John Abercrombie's group recordings on ECM have often come in threes. The Third Quartet
, his latest featuring violinist Mark Feldman, bassist Marc Johnson and drummer Joey Baron, is an apt (and obvious) title, but hopefully not a sign that this is the end of this group's winning streak. Since forming in 2000 it's evolved into one of the bestif not the
bestgroups of the guitarist's long career.
Abercrombie spoke, in an interview at the time of the quartet's Class Trip (ECM, 2004), of how, when he practices, he works within more traditional form. The Third Quartet is the group's best balance yet of tradition and forward-thinking ideationand of conventional form combined with open-ended improvisational interplay. The group's relatively long history means that it's achieved a chemistry and comfort level that engenders total trust without losing the spark the drives it into new territory.
It's the first album in a decade where Abercrombie has dipped into an external jazz repertoire. "Round Trip" is delivered in an open, swinging fashion, with a powerful solo from Baron that's remarkable in its unfailing adherence to Ornette Coleman's familiar melody. The group also turns Bill Evans' lesser-known "Epilogue" into one of the most tender, ethereal and resonant ballads Abercrombie has ever recorded.
That doesn't mean the group avoids intensity, but it simmers more than it boils. "Banshee" features a call-and-response theme from Feldman and Abercrombie, supported by a largely static bass pedal tone and turbulent percussion, all working to provide the grist for fiery solos from Feldman and Abercrombie.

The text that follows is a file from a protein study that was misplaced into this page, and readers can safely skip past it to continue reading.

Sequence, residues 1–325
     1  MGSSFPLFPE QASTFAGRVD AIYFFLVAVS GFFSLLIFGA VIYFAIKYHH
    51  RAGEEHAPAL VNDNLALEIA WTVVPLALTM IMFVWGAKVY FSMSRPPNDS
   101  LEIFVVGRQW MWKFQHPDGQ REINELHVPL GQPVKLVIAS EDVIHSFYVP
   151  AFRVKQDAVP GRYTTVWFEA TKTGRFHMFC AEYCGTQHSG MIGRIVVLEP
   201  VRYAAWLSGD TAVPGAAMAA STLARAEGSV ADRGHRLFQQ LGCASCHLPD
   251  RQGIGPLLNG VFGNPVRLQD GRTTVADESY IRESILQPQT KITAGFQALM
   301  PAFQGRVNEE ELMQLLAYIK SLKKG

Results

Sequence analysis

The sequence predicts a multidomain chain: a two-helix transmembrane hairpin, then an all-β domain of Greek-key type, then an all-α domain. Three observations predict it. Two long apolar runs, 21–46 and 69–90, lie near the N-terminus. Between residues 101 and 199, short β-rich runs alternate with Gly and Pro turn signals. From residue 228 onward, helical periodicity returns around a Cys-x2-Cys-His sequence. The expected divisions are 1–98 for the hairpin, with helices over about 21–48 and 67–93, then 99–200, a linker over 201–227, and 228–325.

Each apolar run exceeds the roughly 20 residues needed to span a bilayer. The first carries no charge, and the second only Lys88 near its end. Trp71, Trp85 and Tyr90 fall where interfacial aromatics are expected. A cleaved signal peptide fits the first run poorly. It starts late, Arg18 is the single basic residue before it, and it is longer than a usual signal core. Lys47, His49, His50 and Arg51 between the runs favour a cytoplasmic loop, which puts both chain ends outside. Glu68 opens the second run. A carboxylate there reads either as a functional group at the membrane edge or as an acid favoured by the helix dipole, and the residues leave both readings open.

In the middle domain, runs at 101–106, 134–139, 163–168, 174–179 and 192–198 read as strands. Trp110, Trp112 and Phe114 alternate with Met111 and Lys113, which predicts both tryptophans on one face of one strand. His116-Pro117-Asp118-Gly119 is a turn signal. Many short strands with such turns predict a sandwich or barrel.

The group is as intuitive with the rubato tone poem "Number 9" as it is the gentle waltz "Vingt Six." Abercrombie has always been a master of melancholy lyricism, reflected clearly on "Wishing Bell," the album's longest track. In many ways he's the guitar alter-ego of trumpeter Kenny Wheeler, perhaps explaining why they have worked so well together over the years.
But it's the interaction of the stringssometimes delicate, other times soaringthat defines the group's unique aesthetic. "Elvin" pays tribute to Elvin Jones with an understated swing that has all the strength of the late drummer but less jagged edges. Feldman, whose What Exit (ECM, 2006) was one of last year's best records, is emerging as the most stylistically flexible violinist in improvised music todayan elasticity shared by everyone in this quartet.
Sound can be just as important as the notes played, and Abercrombie explores a range of tones, from warm and woody to edgy and distortedsurprising choices at times, but always perfect.
The album ends with Abercrombie alone on the overdubbed dual acoustic guitar track, "Fine." It's the first time he's recorded solo since Characters (ECM, 1978)a promise, perhaps, of more to come. Meanwhile, The Third Quartet is another step forward for Abercrombie and this quartet, as they respect and expand tradition in an undeniably personal and modernistic fashion. blank>Universal Classics on the web.